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Associated Press
Deere Reports Record First-Quarter Profits
Tuesday February 15, 6:57 pm ET
By Jan Dennis, Associated Press Writer
Deere Reports Record First-Quarter Profits on Continued Strong Sales of Construction Equipment

PEORIA Ill. (AP) -- Farm implement maker Deere & Co. posted record first quarter profits Tuesday, riding an economic upturn that has unleashed pent-up demand for construction equipment and its trademark agricultural machinery. But its shares fell sharply amid concerns on Wall Street that sales could slow.

Moline, Ill.-based Deere, the world's largest agricultural equipment maker, reported earnings topped $22.8 million for the quarter that ended Jan. 31, up 30 percent from $170.8 million during the same quarter last year. Profit per share was 89 cents, up from 68 cents a year ago.

Though profits matched the estimate of analysts surveyed by Thomson First Call, Deere shares fell $3.25, or 4.7 percent, to close at $66.10 in Tuesday trading on the New York Stock Exchange.

Analysts said investors are worried about a sales decline on the heels of robust demand that has helped boost company profits for 12 straight quarters. Deere predicts sales will rise 6 to 8 percent for the year, compared with 21 percent in the first quarter.

The company also said Tuesday that production will decline this year to reduce inventories. That could be a sign that Deere overestimated demand, said Alexander Blanton, an analyst with Ingalls & Snyder.

"I think people are seeing some of the growth strength evaporating, not only in agricultural machinery but also in construction equipment and the consumer business," said Charlie Rentschler, an analyst with Langenberg & Co.

The company said construction and farm equipment sales that fueled record 2004 profits also paced Deere's first quarter earnings gain. Construction equipment sales rose 33 percent for the quarter, while farm machinery sales were up 26 percent.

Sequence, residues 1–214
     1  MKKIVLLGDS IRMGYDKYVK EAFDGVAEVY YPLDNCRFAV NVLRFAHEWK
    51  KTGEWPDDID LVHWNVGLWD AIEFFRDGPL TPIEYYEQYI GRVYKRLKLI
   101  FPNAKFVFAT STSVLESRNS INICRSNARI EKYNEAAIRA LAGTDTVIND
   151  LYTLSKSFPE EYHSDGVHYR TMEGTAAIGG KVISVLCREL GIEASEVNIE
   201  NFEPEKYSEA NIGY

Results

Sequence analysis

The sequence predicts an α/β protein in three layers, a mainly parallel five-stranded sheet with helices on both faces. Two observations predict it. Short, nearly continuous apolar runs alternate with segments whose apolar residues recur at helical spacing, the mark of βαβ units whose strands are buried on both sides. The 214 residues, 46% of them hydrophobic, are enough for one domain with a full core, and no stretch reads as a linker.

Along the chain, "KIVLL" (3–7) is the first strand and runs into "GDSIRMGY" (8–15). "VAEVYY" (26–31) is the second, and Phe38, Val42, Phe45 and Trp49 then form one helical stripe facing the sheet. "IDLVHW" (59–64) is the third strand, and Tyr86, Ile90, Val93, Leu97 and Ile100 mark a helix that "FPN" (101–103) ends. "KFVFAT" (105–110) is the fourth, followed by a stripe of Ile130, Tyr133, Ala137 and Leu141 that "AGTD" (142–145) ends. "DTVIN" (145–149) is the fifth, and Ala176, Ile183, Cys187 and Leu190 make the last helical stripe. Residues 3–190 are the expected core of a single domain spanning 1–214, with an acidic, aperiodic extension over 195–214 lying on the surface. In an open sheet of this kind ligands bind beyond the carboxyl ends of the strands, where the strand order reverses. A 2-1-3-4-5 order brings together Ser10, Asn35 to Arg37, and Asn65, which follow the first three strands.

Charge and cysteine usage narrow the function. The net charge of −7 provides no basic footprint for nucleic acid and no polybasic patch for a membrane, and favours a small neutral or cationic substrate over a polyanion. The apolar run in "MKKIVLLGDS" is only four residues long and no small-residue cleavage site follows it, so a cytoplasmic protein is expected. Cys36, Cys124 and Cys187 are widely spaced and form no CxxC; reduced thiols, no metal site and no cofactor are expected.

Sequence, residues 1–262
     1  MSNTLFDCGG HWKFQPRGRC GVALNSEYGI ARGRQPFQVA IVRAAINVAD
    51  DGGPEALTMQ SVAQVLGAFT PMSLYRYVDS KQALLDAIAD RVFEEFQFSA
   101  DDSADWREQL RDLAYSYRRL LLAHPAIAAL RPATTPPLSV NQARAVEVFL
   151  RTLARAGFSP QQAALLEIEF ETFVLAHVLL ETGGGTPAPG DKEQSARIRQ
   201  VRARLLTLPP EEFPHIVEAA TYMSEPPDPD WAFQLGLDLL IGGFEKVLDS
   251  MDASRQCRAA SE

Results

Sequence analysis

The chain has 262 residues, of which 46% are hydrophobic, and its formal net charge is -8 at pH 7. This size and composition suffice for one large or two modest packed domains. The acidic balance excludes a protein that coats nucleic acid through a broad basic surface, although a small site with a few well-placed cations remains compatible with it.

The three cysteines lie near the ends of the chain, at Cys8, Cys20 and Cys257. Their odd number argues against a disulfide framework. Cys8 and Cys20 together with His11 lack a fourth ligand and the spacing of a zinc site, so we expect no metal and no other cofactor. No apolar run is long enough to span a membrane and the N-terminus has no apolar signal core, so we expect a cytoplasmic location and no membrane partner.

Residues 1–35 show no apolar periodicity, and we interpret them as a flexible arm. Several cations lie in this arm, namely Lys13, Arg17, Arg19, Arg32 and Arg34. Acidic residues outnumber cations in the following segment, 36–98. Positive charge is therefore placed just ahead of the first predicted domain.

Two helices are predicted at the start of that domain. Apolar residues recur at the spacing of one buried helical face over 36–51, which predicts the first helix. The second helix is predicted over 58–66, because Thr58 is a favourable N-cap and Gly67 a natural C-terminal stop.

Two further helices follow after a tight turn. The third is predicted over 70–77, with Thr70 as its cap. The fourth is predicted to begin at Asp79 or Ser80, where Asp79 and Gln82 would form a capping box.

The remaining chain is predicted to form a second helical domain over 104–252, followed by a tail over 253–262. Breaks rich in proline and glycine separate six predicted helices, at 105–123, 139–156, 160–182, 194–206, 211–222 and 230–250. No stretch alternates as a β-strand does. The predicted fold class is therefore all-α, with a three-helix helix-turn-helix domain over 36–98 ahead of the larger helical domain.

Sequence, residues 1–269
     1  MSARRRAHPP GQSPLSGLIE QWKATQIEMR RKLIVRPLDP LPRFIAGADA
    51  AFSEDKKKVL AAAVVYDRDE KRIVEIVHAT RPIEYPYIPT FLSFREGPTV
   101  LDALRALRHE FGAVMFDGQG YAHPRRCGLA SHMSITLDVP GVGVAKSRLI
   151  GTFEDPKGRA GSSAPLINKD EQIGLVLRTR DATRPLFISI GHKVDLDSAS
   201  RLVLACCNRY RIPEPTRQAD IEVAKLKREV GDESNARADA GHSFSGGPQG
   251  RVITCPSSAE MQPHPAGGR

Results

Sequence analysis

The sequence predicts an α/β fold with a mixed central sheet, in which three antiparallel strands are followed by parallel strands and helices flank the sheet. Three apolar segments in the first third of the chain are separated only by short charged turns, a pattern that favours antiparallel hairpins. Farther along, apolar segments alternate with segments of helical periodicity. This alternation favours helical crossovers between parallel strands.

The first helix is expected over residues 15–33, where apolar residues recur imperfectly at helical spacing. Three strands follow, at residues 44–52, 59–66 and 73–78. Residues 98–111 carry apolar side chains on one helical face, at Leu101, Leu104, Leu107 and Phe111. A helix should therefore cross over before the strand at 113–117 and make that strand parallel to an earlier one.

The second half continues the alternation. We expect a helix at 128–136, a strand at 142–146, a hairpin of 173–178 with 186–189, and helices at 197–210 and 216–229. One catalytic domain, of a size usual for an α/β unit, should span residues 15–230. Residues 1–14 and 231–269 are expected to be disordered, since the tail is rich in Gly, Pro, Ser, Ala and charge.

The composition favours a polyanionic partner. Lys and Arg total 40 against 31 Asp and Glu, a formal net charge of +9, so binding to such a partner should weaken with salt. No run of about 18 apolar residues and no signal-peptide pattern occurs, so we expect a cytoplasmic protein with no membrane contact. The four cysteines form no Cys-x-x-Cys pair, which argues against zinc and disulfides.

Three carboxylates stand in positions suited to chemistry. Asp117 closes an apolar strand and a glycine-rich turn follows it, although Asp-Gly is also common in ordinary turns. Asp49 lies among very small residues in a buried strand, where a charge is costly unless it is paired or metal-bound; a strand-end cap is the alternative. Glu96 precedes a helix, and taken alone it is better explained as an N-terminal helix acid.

Sales dipped 8 percent in Deere's commercial and consumer equipment lines, which includes lawn tractors sold to Home Depot Inc., the world's largest home-improvement chain, the company reported.

Revenue for the quarter topped $4.1 billion, up 18 percent from $3.4 billion during the same period a year ago.

"Our pattern of consistent product investment has allowed customers to appreciate the value in our advanced new models of equipment. ... As a result, the company is positioned to meet our objectives for strong financial performance," Deere Chairman and CEO Robert W. Lane said in a prepared statement.

Observers say Deere's three-year sales surge might slow in 2005 but should remain strong, fueled in part by demand in China and other world markets. Deere opened a factory in Russia this month and is building an $80 million factory in Brazil as it seeks to expand its global reach.

"I don't think there's any reason why it wouldn't continue, at least for the short run and perhaps longer," said Fred Giertz, a University of Illinois economics professor.

But analysts say sales could be affected by unknowns hovering over the U.S. farm economy, including President Bush's proposed 5 percent cut in farm subsidies and the potential spread of soybean rust.

Rentschler said the threat of soybean rust could curtail equipment buying, with farmers saving money in case costly spraying is needed to combat the disease.

"It's the potential of devastation as opposed to the actual devastation. It could be a huge problem, but no one knows. It's like asking how many hurricanes we're going to have this summer," Rentschler said.

For the year, Deere predicts construction equipment sales will increase 10 to 12 percent, while farm machinery sales will rise 7 to 9 percent. The company also projects commercial and consumer equipment sales will rebound, increasing 4 to 6 percent for the year.

Deere predicts annual profits of about $1.5 billion, versus a record $1.4 billion in 2004.

Farm machinery, including Deere's trademark tractors, account for about half of Deere's sales. The company also makes construction and forestry equipment, along with consumer products that include lawn tractors, chain saws and snow blowers.
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